Old February 2nd, 2004, 12:44 AM   #8
Major Player
 
Join Date: Mar 2003
Location: Portland, Oregon
Posts: 605
Tony,

Matthew is totally right about the "last question." My cameraman and I had a "good cop bad cop" thing going where I'd get the interviewees trust and then he'd ask these really blunt questions and just play dumb (we were covering a very touchy subject). I've read about doc. interviewers waiting through 8 seconds of silence before asksing another question. Whatever you do, give people time after the think they're finished--both for editing, and because, as Matthew says, more often than not they are nervous, want to fill the awkward silence, and in order to do that will "dig deeper" and really get to the stuff you want.

I think your comment about being "too instrusive" with the handheld cam is very good. You are right, that is some of the best stuff, and you should go after it. I think the only way to make people comfortable with this "up close" camera is to be around them a lot, or at least to interact with them from behind the camera, make a funny comment or something to break the awkwardness. Just don' t be silent Sam behind the camera. In any case, sometimes, in some environments, the tripod can be a hindrance, so don't be afraid to get "up close and personal", this will be your best stuff. A photojournalist once said, if the shot's no good, you're not close enough. Very true. But for landscapes and b-roll, a tripod is always good to have. Just dont' be afraid to walk up to people and get what you really want. Good luck!

Peter
Peter Richardson is offline   Reply With Quote
Old February 2nd, 2004, 12:53 AM   #9
Major Player
 
Join Date: Sep 2003
Location: sounthern maine
Posts: 344
yes!

i totally forgot to mention that, the pause, my friend was too damn quick asking the questions and would sometimes cut the person off when they were about to give a long answer.

make sure when you ask the question that you shut up and wait for the answer and for the person to truly stop.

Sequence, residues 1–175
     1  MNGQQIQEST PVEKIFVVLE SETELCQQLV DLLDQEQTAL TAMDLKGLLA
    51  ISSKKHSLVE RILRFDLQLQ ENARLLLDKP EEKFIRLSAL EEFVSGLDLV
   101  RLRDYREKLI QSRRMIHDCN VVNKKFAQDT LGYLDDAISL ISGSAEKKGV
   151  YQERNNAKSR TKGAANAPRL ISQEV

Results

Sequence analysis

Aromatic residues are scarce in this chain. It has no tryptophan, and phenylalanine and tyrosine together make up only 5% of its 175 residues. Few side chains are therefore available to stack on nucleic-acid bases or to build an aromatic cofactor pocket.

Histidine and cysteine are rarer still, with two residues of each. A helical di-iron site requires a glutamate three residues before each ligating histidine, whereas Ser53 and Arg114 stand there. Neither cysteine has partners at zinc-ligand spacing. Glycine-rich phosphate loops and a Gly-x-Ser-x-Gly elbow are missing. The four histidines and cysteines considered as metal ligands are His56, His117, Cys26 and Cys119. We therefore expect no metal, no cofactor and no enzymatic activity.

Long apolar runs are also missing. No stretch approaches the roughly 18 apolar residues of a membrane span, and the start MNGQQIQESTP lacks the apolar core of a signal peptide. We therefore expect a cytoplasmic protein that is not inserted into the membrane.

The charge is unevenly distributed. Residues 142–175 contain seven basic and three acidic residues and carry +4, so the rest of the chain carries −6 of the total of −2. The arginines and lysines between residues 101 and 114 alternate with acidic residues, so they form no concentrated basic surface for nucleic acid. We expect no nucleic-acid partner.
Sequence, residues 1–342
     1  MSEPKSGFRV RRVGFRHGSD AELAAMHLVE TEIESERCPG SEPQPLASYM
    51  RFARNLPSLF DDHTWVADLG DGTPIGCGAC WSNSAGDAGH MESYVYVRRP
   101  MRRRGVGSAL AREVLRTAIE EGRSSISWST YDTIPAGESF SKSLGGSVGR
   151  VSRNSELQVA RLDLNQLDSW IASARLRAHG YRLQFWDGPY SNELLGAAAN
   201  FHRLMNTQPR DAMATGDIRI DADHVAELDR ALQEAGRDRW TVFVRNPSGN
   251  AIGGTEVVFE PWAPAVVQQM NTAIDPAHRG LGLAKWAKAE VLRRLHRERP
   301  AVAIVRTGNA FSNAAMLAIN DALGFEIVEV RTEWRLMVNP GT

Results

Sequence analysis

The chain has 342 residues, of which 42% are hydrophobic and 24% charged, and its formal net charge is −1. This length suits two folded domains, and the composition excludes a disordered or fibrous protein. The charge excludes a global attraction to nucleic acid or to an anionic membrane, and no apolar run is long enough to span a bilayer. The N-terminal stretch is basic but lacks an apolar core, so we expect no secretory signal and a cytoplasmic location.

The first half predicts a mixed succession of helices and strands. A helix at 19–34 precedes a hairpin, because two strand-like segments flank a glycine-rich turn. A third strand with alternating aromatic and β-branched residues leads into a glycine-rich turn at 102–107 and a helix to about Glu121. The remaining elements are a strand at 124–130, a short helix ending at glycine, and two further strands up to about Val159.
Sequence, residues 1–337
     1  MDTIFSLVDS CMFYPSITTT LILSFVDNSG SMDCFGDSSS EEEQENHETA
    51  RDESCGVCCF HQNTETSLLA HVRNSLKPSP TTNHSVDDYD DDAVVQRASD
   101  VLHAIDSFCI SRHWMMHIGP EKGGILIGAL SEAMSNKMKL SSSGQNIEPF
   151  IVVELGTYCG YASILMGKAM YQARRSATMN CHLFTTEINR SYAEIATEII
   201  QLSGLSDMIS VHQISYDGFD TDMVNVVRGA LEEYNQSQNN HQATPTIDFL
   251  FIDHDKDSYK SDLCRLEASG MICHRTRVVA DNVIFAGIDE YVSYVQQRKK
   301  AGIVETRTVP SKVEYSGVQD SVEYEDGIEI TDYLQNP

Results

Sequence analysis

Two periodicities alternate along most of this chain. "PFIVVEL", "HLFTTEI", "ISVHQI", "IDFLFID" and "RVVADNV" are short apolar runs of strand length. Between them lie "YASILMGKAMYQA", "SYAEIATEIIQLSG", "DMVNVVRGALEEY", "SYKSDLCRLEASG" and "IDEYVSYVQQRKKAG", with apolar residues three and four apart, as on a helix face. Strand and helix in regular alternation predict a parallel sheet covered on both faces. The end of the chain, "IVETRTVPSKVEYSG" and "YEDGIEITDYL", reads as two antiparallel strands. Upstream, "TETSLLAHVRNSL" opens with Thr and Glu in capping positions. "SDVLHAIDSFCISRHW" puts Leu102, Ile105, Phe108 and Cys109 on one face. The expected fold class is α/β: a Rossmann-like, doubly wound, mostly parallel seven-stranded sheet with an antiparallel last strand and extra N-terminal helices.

it also really helps for editing! my job would have been easier if there were more gaps.

i bought every book i could find on documentaries and i learned very little from the books.

matthew
Matthew de Jongh is offline   Reply With Quote
Old February 2nd, 2004, 04:36 PM   #10
Regular Crew
 
Join Date: Jan 2004
Location: Lower Lake, Ca.
Posts: 33
Yes. I have same problem, talking before interviewee is done.

It's really frustrating to get to editing room and find i can't use interview answer because my own voice jumps in and overrides interviewee.

I have learned to let interviewee finish and then hold my tounge for at least two long beats... what, 3-5 seconds?
__________________
A true friend's eye is a good mirror. Irish proverb
Tony Levelle is offline   Reply With Quote
Old February 2nd, 2004, 05:20 PM   #11
Major Player
 
Join Date: Sep 2003
Location: sounthern maine
Posts: 344
it depends, someone mentioned 8 seconds, sound a little long but i'd shoot for that!

i just KNOW from the stuff i'm working on that there are times where the person being interviewed had a great answer and the interviewer made a comment implying that they understood and were done with that question and the person just stopped instead of going on with their full answer or talking about something else that the question brought up in their mind.

the interviewer is the least important person, their job is to ask the questions and not try to share any personal info of their own, no anecdotes, no stupid comments etc.

matthew
Matthew de Jongh is offline   Reply With Quote
Old February 2nd, 2004, 11:45 PM   #12